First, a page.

Amidst all the health care debate, there is one underlying assumption that hardly anyone challenges: the notion that people have a right to health care. The truth is that it’s a nonsensical notion. People no more have a right to health care than they have a right to education, food, or clothing.
After all, what does a right to health care mean? If I have a right to something, then doesn’t that mean that you have a correlative duty to provide it? If you’re a doctor, then it means that you are required to serve my needs, like it or not. If I need an operation, then you cannot say “no” because that would be denying me my right to health care.
Thus, isn’t the right to health care actually a power to force doctors to provide people with medical services?
Now, the proponent of health care as a right might say, “That’s not what I mean. Why, to force doctors to provide health care services to others would be akin to slavery, especially if it’s for free. I think that doctors deserve to be paid for their services.”
Fair enough. But then doesn’t the right to health care entail the power to force someone else to pay for it? Let’s assume, for example, that I need hip-replacement surgery that will cost $25,000 and that I don’t have the money to pay for it. Since I have a right to health care, that means that I have a right to get the money from you to pay for my operation. It also means that you can’t say no because that would be interfering with my right to health care.
Thus, the right to health care entails the power of everyone to get into the pocketbooks of everyone else. That’s not only a ridiculous notion of rights but also a highly destructive one. Since obviously people can’t go and take the money from others directly, it inevitably entails converting government into an engine of seizure and redistribution. Or to paraphrase Bastiat, such a concept of rights converts government into a fiction by which everyone is doing his best to live at the expense of everyone else.
Meanwhile, while everyone is using government to get into everyone else’s pocketbook to pay for his health care expenses, he is simultaneously doing his best to protect his own income and assets from being plundered by the government to fund everyone else’s health care bills.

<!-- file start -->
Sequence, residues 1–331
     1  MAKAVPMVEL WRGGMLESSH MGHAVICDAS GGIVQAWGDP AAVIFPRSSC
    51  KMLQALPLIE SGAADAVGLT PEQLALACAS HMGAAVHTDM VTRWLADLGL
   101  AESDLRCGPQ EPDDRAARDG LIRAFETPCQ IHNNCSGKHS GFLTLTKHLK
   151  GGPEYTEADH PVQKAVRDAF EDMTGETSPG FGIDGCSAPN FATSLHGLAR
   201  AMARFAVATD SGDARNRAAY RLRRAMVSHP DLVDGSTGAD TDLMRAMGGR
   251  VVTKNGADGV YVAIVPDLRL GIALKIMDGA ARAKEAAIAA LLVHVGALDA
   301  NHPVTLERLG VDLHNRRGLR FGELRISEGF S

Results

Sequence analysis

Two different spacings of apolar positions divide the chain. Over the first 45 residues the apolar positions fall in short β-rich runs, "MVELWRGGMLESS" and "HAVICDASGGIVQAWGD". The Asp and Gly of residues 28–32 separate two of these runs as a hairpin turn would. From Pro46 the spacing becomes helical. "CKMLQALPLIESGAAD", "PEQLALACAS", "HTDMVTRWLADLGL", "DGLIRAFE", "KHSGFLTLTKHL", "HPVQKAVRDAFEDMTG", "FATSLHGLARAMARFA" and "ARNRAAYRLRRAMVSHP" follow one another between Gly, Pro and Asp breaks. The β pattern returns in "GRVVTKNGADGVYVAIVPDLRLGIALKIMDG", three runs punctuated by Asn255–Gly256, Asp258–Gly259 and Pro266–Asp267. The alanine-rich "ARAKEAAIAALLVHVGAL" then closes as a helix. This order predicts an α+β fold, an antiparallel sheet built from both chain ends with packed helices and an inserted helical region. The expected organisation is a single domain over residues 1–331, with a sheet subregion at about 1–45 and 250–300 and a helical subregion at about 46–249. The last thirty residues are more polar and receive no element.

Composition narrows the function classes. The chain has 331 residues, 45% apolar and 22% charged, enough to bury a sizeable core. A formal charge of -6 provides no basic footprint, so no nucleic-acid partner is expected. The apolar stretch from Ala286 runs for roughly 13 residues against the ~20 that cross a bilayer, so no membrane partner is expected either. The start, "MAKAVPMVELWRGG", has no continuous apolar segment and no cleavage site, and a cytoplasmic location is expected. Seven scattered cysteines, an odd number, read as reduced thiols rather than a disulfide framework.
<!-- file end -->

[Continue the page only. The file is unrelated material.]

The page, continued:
Over time, it is easy to see how such a system devolves in everyone’s warring against everyone else. It is also easy to see that such a system obviously does not nurture friendly and harmonious relations between people. This is especially true when these types of “rights” expand to such areas as education, food, clothing, and housing.
The true nature of rights — the type of rights the Founding Fathers believed in — involved the right of people to pursue such things as health care, education, clothing, and food and that government cannot legitimately interfere with their ability to do so.
Thus, the right to life, liberty, and the pursuit of happiness, as described in the Declaration of Independence, doesn’t mean that someone else is forced to provide you with the means to sustain or improve your life. It means that government cannot enact laws, rules, or regulations that interfere with or infringe upon your right to pursue such things.
When Americans began looking upon rights as some sort of positive duty on others to provide them with certain things, that was when the quality of health care in America began plummeting. That was what Medicare and Medicaid were all about — the so-called right of poor people and the elderly to health care. It is not a coincidence that what began has the finest health care system in the world has turned into a system that is now in perpetual crisis.
There is one — and only one — solution to America’s health care woes — and it lies not in a government takeover of health care. In fact, the solution is the exact opposite: It is the end of all government involvement in health care — a total separation of health care and the state. That would entail not a reform or improvement of Medicare and Medicaid but rather their total repeal.
At its core, the solution to America’s health care crisis lies in the abandonment of the notion that health care is a right. Once people reach this fundamental realization, as our American ancestors did, the nation can get back on the road toward to a healthy, prosperous, and harmonious society.